Saturday, October 5, 2013

Healthier Inner Dialogue - Nocebo

Okay friends, I just read about something that has totally blown me away.  You have heard of the placebo effect, right -- where there is a positive or healing response to a treatment that is inert (paraphrased from Wikipedia). For example, a person's headache or gout or cancer might disappear after taking only a sugar pill.  Well, I just read all about the NOCEBO effect.

As you probably can gather, it is the opposite, where a negative result happens in response to an inert treatment.  Both of these effects are apparently based on the psychogenic results of positive or negative thinking. So the type of outcome that a patient expects (positive or negative) becomes more likely to actually happen because of the particular mindset.

How scary and awesome is that?!

"This concept that what occurs in our mind and perception may affect the ultimate outcome should also be taken into consideration for everyday life and interactions with other people." Julie Chen, M.D.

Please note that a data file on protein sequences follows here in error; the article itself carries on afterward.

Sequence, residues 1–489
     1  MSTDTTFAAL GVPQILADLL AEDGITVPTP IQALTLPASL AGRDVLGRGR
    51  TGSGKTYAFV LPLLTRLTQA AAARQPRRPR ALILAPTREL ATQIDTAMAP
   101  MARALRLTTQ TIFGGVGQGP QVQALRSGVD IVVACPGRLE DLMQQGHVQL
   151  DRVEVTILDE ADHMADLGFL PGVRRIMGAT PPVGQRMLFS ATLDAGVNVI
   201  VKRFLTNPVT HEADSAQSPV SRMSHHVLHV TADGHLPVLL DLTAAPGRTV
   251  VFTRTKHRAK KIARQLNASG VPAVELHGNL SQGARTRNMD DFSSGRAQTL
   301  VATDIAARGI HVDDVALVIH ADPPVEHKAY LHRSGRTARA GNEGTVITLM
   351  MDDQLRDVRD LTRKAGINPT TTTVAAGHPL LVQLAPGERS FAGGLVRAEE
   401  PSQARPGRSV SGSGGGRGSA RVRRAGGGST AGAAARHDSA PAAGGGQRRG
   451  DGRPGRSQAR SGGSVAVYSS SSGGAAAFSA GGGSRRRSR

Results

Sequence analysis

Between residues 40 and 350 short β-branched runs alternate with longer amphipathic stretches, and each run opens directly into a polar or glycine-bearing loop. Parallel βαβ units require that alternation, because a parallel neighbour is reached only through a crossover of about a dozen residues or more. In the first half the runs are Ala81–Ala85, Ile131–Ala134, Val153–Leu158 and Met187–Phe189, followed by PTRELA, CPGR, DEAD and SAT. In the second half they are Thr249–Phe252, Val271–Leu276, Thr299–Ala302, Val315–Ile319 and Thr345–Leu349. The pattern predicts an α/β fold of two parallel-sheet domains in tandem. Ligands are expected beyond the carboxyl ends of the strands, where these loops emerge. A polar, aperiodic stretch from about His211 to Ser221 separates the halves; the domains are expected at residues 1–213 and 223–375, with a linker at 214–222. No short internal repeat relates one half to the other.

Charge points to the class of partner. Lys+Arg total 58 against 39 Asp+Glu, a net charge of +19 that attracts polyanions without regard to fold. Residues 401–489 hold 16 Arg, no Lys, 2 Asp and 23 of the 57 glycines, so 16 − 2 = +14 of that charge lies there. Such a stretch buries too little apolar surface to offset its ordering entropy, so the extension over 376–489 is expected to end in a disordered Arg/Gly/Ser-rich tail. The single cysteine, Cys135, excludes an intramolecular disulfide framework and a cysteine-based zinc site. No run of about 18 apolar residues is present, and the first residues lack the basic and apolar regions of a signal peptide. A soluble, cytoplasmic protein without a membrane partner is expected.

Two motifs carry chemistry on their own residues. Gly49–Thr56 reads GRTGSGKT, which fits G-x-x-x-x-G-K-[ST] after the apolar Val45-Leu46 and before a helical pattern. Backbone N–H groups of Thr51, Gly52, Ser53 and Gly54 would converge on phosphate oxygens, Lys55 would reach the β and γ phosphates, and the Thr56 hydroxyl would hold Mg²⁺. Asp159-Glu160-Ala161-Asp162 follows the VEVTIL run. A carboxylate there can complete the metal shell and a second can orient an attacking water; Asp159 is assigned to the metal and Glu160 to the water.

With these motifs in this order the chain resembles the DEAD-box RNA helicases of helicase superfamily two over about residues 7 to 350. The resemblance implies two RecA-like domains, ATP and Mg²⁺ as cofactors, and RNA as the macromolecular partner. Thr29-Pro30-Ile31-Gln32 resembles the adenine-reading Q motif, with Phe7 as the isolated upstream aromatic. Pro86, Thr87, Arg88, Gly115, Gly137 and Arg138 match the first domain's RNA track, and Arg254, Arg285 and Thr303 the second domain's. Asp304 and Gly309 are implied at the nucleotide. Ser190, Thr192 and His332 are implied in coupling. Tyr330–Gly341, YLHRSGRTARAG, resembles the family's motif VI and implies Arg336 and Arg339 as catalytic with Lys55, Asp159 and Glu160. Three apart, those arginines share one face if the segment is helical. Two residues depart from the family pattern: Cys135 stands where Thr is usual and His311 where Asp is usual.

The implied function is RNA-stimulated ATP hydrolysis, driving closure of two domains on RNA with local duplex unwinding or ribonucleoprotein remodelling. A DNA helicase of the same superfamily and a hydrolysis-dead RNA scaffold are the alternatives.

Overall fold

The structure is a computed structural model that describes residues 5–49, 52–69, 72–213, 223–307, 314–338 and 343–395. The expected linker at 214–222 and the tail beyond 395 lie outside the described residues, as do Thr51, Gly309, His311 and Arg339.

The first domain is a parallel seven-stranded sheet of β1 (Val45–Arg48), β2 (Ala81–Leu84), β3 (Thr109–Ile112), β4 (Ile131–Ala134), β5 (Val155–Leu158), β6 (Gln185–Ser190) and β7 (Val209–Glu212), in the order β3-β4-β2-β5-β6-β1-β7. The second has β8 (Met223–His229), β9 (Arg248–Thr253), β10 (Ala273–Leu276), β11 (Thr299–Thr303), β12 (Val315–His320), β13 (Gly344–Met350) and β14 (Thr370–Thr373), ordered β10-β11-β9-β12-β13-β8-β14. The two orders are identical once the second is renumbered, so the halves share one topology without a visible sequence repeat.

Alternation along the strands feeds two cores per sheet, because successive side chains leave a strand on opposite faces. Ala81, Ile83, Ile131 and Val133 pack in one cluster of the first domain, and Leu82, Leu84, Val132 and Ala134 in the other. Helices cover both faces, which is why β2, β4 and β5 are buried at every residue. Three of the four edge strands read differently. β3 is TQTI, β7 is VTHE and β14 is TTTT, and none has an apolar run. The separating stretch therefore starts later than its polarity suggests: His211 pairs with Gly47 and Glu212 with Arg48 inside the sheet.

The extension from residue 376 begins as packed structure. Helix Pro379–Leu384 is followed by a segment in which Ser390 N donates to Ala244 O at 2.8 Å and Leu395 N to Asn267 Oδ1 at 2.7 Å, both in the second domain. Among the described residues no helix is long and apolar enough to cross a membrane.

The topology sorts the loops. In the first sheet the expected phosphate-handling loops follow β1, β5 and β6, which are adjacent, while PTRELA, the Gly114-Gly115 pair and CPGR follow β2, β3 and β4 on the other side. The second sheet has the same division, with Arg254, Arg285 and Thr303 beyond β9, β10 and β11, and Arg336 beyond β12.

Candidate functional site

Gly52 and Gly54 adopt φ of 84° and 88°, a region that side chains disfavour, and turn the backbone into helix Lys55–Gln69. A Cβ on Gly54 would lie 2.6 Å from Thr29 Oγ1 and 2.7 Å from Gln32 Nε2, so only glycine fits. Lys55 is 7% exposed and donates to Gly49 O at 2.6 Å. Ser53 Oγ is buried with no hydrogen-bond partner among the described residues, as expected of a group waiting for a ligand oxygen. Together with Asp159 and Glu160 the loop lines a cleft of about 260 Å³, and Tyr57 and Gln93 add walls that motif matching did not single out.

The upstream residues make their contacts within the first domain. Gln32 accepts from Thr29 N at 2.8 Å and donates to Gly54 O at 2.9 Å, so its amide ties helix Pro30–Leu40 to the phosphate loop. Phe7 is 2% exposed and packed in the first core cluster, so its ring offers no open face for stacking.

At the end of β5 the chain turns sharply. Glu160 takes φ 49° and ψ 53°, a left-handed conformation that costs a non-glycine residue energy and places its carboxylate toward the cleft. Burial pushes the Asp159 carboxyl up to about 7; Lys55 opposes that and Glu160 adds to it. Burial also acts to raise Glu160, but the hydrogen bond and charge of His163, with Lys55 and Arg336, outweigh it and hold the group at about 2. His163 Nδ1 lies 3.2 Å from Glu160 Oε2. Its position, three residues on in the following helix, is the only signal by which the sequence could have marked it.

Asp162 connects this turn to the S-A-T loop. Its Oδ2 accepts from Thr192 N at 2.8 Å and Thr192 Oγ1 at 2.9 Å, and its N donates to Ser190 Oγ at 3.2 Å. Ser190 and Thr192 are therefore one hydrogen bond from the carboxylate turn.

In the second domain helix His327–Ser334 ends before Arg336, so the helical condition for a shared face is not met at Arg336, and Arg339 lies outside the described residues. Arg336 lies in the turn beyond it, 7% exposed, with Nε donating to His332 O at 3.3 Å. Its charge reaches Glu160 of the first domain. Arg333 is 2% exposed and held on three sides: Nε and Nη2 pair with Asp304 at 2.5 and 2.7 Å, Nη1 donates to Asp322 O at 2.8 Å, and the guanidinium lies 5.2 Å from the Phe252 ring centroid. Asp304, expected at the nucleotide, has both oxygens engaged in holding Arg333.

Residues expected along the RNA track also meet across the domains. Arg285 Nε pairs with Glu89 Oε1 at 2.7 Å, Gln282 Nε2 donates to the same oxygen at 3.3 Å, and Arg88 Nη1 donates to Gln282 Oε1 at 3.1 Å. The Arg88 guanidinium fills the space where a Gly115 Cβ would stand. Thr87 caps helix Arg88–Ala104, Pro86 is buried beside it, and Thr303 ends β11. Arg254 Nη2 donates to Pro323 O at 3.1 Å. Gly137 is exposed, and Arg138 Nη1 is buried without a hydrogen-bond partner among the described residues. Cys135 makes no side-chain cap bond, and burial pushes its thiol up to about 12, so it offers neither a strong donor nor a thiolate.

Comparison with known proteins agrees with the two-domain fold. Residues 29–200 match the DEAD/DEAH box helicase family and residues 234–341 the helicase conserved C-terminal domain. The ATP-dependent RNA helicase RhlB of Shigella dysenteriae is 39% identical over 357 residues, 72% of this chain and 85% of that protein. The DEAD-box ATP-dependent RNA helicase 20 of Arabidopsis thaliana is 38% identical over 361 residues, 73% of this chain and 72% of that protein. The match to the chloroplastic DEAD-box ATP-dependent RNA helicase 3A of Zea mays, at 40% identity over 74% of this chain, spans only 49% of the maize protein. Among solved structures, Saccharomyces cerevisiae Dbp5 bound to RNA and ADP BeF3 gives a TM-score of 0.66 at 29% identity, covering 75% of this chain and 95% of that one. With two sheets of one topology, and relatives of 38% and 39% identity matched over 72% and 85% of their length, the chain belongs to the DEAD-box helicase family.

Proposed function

Now she is talking in this article about medical outcomes and how she has changed her techniques for sharing less than stellar information with patients, but I'm sure you can see how this would work in other life areas.  For instance, if you are always letting your internal critic loose with free reign to blabber on and on about this fault or that flaw that you have, maybe that is much worse for you than you think.

"According to a recent article in Mayo Clinic Proceedings, the actual difference between optimists and pessimists just might amount to about 12 years of life." Barry Bittman, M.D.

Holy crap, that's serious stuff.  Bittman goes on to say, "Ultimately, it's not the stress that kills us. Rather, it's our perception of stress that makes the difference."

Learning about this nocebo effect has scared me enough to try to change around my pessimistic approach to life.  Pop on back tomorrow and I will share one particularly effective way of turning around these negative thoughts.

Are you an optimist or a pessimist? Or somewhere in between?


Tina Bradley said...

Great stuff, here, Terry! I am excited to read more about this concept (which I adore, BTW!). I think I'm an optimist (these days). There's definitely something to the "mind over matter" theory (if you don't mind, it won't matter). :) T.

Mindy said...

I completely agree with this concept. And I LOVE the quote from the first comment, "If you don't mind, it won't matter." That's sorta genius.